Happy New Year!

Over the next couple of months, our gospel preaching texts will be primarily out of Matthew with a few selections from John as we get into the season of Lent. They are straight out of the lectionary cycle so they should match up with the texts that are being studied in Corbett’s Sunday school class. Next week, we will celebrate Baptism of the Lord Sunday and there will be an opportunity for all to come to the baptismal font to remember your baptism or to anticipate your future baptism.  It will be a wonderful way to start the year remembering the promises of God made to you on behalf of the church in baptism.

I have chosen this morning to expand our gospel reading to include the text traditionally read on the day of Epiphany, January 6, that marks the visit of the magi from the east. The angelic visit to Joseph giving warning of Herod’s scheming comes right on the heels of the Magi’s visit-they head home in a new direction and Mary, Joseph, and the child Jesus escape off to Egypt.

This past week while I was driving in the car I heard a pop news story of a radio host complaining that the tattoo she had of her Zodiac sign was no longer accurate. Her birthday certainly hadn’t changed but with the addition of another sign to the Zodiac, the start and end dates of the other 12 signs shifted. About 3,000 years ago the ancient Babylonians perceived that the sun passes through 13 constellations in the night sky as it makes its annual orbit. Since the babylonians were marking time with a 12 month calendar, they excluded one constellation and divided up the celestial movement evenly in twelve sections. Last year, NASA observed some movement among the stars and the rotation of the Earth’s axis and pointed out that the timing of the perceived movement of the sun through the 13 constellations was a few days different than the babylonian calculation. You may have heard of the reclaimed 13th Zodiac sign-Ophiuchus.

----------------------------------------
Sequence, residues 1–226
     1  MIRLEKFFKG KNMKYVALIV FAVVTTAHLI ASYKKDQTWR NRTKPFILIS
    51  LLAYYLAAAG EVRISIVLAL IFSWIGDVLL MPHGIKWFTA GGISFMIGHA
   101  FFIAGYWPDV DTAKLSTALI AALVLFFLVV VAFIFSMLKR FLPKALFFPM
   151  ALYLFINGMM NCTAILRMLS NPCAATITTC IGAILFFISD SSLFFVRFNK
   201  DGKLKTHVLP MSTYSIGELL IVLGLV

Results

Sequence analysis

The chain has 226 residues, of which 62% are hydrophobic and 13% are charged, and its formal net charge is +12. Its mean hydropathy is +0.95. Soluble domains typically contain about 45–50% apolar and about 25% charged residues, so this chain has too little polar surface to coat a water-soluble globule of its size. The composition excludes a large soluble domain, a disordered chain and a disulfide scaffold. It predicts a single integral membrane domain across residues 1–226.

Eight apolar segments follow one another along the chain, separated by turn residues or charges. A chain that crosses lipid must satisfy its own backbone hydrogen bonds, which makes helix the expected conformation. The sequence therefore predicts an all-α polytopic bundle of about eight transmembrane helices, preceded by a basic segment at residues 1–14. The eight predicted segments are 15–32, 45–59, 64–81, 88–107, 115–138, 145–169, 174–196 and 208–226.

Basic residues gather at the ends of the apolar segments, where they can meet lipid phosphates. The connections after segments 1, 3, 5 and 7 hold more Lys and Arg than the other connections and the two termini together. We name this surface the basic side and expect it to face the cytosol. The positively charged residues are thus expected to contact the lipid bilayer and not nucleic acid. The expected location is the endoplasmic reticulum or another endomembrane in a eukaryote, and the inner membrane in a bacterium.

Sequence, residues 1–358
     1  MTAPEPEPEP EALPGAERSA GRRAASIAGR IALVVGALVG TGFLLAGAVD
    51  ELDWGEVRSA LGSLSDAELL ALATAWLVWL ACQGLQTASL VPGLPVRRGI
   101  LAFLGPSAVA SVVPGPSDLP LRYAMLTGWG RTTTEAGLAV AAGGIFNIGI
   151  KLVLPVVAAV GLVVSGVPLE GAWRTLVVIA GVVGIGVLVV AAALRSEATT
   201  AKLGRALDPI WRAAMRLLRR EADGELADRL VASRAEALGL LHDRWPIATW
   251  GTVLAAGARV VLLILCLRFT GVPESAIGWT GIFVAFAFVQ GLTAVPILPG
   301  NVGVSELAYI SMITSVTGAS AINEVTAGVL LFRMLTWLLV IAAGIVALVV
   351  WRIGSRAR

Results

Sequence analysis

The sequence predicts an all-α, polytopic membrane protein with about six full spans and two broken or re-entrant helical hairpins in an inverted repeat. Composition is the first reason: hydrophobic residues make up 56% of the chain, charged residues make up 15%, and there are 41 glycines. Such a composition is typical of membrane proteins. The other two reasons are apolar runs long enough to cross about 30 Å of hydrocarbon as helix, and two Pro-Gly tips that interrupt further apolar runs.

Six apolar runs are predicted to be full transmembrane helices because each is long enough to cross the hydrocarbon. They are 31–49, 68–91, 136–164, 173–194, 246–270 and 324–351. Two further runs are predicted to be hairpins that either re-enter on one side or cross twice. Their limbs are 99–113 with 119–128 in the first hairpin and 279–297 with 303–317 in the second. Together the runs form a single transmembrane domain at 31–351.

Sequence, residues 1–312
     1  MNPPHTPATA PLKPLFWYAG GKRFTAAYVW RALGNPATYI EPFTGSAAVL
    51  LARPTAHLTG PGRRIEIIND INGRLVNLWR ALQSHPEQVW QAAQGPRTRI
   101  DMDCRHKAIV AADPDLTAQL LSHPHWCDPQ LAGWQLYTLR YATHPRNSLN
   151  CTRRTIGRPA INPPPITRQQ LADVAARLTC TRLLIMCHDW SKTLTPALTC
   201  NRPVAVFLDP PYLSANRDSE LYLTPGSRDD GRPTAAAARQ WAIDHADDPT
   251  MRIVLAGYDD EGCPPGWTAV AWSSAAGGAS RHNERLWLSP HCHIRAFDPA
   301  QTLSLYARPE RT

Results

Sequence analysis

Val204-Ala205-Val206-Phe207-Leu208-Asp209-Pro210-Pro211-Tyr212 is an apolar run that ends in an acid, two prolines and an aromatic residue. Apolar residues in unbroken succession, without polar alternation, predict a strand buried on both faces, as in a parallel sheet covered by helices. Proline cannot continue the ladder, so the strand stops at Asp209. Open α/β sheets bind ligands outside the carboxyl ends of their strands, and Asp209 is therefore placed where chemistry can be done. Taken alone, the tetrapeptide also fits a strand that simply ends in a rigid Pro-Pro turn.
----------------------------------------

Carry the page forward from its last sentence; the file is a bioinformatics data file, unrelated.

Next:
The magi, the wise men, the philosophers and astrologers of the East (Persia and ancient Babylon) watched the night skies to interpret celestial movement in order to make sense of and interpret the course of human history, the rise and fall of empires. They are captivated by a sign in the skies and so they travel to Jerusalem, the seat of authority, power, and empire-to the throne of King Herod the Great to make inquiry about the child born as King of the Jews.

The irony of the title, King of the Jews, should not be missed. That was the title conveyed to Herod the Great by Marc Antony, friend of Julius Caesar, when the Romans conquered Jerusalem about sixty years before Jesus was born. Herod the Great was the King of the Jews, a puppet king as long as Rome was in control. For the Magi to speak of another King of the Jews, a child king, struck fear and paranoia into Herod’s heart. It’s not surprising to see the backlash of terror that comes from a man on the cusp of losing status, authority, power, and control.

He asks the religious scholars and priests of Solomon’s temple, where is the child? They recall to him the words of the prophet Micah, the child is in Bethlehem. So he calls for the Magi, sending them to find the child, and then to come back to Jerusalem to report their findings. Speaking out of the corner of his mouth, he expresses intent to pay honor to the Christ child.